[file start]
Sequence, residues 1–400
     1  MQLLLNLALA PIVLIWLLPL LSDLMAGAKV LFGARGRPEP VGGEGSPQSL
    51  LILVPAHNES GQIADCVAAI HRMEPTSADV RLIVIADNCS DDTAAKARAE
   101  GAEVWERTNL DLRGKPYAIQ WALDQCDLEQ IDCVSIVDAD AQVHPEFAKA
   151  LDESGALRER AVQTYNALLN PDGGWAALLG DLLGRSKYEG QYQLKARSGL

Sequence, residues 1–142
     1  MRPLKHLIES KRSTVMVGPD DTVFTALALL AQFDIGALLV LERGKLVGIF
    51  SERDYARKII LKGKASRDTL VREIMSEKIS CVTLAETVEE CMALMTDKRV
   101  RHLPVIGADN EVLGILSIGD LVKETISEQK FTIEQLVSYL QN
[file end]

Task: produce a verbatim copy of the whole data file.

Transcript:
Sequence, residues 1–400
     1  MQLLLNLALA PIVLIWLLPL LSDLMAGAKV LFGARGRPEP VGGEGSPQSL
    51  LILVPAHNES GQIADCVAAI HRMEPTSADV RLIVIADNCS DDTAAKARAE
   101  GAEVWERTNL DLRGKPYAIQ WALDQCDLEQ IDCVSIVDAD AQVHPEFAKA
   151  LDESGALRER AVQTYNALLN PDGGWAALLG DLLGRSKYEG QYQLKARSGL

Sequence, residues 1–142
     1  MRPLKHLIES KRSTVMVGPD DTVFTALALL AQFDIGALLV LERGKLVGIF
    51  SERDYARKII LKGKASRDTL VREIMSEKIS CVTLAETVEE CMALMTDKRV
   101  RHLPVIGADN EVLGILSIGD LVKETISEQK FTIEQLVSYL QN